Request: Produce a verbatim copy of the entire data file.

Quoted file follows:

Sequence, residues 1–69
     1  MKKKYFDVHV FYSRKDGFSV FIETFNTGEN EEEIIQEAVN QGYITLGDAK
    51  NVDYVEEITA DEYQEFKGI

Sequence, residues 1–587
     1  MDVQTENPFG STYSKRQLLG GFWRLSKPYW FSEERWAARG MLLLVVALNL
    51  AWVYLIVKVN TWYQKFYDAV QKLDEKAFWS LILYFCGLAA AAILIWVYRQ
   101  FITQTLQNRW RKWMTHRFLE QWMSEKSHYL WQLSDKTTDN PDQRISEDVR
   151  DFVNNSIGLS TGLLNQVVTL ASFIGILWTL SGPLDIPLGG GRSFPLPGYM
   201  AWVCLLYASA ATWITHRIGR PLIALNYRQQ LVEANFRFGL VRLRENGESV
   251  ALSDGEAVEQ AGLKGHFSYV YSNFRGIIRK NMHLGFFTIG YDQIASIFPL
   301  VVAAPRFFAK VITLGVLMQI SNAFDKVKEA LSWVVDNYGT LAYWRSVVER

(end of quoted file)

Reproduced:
Sequence, residues 1–69
     1  MKKKYFDVHV FYSRKDGFSV FIETFNTGEN EEEIIQEAVN QGYITLGDAK
    51  NVDYVEEITA DEYQEFKGI

Sequence, residues 1–587
     1  MDVQTENPFG STYSKRQLLG GFWRLSKPYW FSEERWAARG MLLLVVALNL
    51  AWVYLIVKVN TWYQKFYDAV QKLDEKAFWS LILYFCGLAA AAILIWVYRQ
   101  FITQTLQNRW RKWMTHRFLE QWMSEKSHYL WQLSDKTTDN PDQRISEDVR
   151  DFVNNSIGLS TGLLNQVVTL ASFIGILWTL SGPLDIPLGG GRSFPLPGYM
   201  AWVCLLYASA ATWITHRIGR PLIALNYRQQ LVEANFRFGL VRLRENGESV
   251  ALSDGEAVEQ AGLKGHFSYV YSNFRGIIRK NMHLGFFTIG YDQIASIFPL
   301  VVAAPRFFAK VITLGVLMQI SNAFDKVKEA LSWVVDNYGT LAYWRSVVER